N2 - Objectives Immune checkpoint inhibitors (ICIs) targeting the cytotoxic T-lymphocyte-associated protein 4 (CTLA-4) and programmed cell death protein 1 (PD-1) pathways have demonstrated survival improvements in multiple advanced cancers, but also cause immunerelated adverse events (IRAEs). IRAEs with clinical features similar to rheumatic diseases have not been well described. We report patients with inflammatory arthritis and sicca syndrome secondary to ICIs. Methods We report patients evaluated in the Johns Hopkins Rheumatology clinics from 2012 to 2016 identified as having new rheumatological symptoms in the context of treatment with ipilimumab (anti-CTLA-4) and/or nivolumab (anti-PD-1) for solid tumours. Results We identified 13 patients who received ICIs and developed rheumatological IRAEs. Mean age was 58.7 years. Cancer types included melanoma, non-small cell lung cancer, small cell lung cancer and renal cell carcinoma. ICI regimens included nivolumab or ipilimumab as monotherapy (n=5), or combination nivolumab and ipilimumab (n=8). Nine of 13 patients developed an inflammatory arthritis, 4 with synovitis confirmed on imaging (3 ultrasound, 1 MRI) and 4 with inflammatory synovial fluid. Four patients developed sicca syndrome with severe salivary hypofunction. Other IRAEs included: pneumonitis, colitis, interstitial nephritis and thyroiditis. Antinuclear antibodies were positive in 5 out of 13 patients. All 13 patients were treated with corticosteroids with varying response. Two patients were treated with methotrexate and antitumor necrosis factor therapy for inflammatory arthritis. Conclusions As ICIs are increasingly used for a range of malignancies, new cases of rheumatic IRAEs are likely to emerge. Further research is required to understand mechanisms, determine risk factors and develop management algorithms for rheumatic IRAEs.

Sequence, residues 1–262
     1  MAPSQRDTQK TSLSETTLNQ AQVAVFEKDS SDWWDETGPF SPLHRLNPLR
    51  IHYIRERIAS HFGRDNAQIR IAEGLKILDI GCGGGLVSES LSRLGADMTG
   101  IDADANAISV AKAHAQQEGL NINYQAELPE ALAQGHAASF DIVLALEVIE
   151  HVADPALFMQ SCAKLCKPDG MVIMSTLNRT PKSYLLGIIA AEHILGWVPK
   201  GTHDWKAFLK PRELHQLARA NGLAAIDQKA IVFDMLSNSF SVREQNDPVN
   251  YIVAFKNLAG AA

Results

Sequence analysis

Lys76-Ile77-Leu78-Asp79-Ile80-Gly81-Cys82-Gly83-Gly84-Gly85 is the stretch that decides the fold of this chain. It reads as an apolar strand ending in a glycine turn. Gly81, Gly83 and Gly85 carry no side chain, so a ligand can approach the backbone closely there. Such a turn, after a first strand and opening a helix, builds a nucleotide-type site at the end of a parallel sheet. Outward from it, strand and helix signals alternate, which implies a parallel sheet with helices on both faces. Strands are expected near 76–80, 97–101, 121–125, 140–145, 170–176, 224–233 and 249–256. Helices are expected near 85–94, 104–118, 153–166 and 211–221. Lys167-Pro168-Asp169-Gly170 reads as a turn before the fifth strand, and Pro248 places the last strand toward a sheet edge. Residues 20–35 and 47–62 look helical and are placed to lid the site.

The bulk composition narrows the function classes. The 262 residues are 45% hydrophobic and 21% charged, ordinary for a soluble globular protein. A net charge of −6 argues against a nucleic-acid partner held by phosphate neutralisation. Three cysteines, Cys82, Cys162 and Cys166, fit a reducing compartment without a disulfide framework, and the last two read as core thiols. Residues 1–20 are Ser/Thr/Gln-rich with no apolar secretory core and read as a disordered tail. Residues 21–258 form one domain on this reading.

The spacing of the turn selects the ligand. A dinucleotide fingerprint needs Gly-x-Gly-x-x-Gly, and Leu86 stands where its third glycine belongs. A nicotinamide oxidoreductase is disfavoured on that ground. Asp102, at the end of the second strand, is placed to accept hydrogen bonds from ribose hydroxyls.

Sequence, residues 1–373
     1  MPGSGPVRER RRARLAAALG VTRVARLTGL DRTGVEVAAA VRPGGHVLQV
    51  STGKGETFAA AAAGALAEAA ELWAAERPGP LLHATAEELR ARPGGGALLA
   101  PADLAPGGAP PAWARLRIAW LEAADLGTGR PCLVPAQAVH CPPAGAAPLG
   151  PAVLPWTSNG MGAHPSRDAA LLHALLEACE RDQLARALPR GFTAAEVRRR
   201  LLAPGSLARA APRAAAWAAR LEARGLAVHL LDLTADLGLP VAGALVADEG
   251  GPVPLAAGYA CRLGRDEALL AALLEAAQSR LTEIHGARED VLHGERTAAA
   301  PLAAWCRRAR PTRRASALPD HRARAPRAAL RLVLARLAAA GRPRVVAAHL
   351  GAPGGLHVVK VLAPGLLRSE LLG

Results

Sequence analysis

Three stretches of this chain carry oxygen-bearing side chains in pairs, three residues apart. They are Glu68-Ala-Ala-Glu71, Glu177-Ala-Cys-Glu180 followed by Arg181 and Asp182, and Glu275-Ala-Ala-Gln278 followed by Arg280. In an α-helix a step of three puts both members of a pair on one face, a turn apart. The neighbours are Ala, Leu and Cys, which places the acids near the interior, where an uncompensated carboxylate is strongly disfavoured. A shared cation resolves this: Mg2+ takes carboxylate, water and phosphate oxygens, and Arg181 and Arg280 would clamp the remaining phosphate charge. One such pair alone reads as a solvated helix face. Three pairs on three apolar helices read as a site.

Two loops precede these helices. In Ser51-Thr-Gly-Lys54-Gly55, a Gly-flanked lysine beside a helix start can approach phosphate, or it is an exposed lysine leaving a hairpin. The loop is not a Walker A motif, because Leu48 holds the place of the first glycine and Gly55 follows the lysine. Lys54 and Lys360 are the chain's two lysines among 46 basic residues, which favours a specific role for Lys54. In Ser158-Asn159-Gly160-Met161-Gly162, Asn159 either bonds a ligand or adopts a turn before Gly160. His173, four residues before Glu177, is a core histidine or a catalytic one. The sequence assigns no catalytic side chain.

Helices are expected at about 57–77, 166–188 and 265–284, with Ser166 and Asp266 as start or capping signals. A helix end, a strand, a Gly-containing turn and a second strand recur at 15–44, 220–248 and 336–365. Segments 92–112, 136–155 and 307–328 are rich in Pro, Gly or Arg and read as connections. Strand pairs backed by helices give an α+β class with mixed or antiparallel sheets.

AB - Objectives Immune checkpoint inhibitors (ICIs) targeting the cytotoxic T-lymphocyte-associated protein 4 (CTLA-4) and programmed cell death protein 1 (PD-1) pathways have demonstrated survival improvements in multiple advanced cancers, but also cause immunerelated adverse events (IRAEs). IRAEs with clinical features similar to rheumatic diseases have not been well described. We report patients with inflammatory arthritis and sicca syndrome secondary to ICIs. Methods We report patients evaluated in the Johns Hopkins Rheumatology clinics from 2012 to 2016 identified as having new rheumatological symptoms in the context of treatment with ipilimumab (anti-CTLA-4) and/or nivolumab (anti-PD-1) for solid tumours. Results We identified 13 patients who received ICIs and developed rheumatological IRAEs. Mean age was 58.7 years. Cancer types included melanoma, non-small cell lung cancer, small cell lung cancer and renal cell carcinoma. ICI regimens included nivolumab or ipilimumab as monotherapy (n=5), or combination nivolumab and ipilimumab (n=8). Nine of 13 patients developed an inflammatory arthritis, 4 with synovitis confirmed on imaging (3 ultrasound, 1 MRI) and 4 with inflammatory synovial fluid. Four patients developed sicca syndrome with severe salivary hypofunction. Other IRAEs included: pneumonitis, colitis, interstitial nephritis and thyroiditis. Antinuclear antibodies were positive in 5 out of 13 patients. All 13 patients were treated with corticosteroids with varying response. Two patients were treated with methotrexate and antitumor necrosis factor therapy for inflammatory arthritis. Conclusions As ICIs are increasingly used for a range of malignancies, new cases of rheumatic IRAEs are likely to emerge. Further research is required to understand mechanisms, determine risk factors and develop management algorithms for rheumatic IRAEs.

UR - http://www.scopus.com/inward/record.url?scp=84978959070&partnerID=8YFLogxK

UR - http://www.scopus.com/inward/citedby.url?scp=84978959070&partnerID=8YFLogxK

U2 - 10.1136/annrheumdis-2016-209595

DO - 10.1136/annrheumdis-2016-209595

M3 - Article

C2 - 27307501

AN - SCOPUS:84978959070

JO - Annals of the Rheumatic Diseases

JF - Annals of the Rheumatic Diseases

SN - 0003-4967

ER -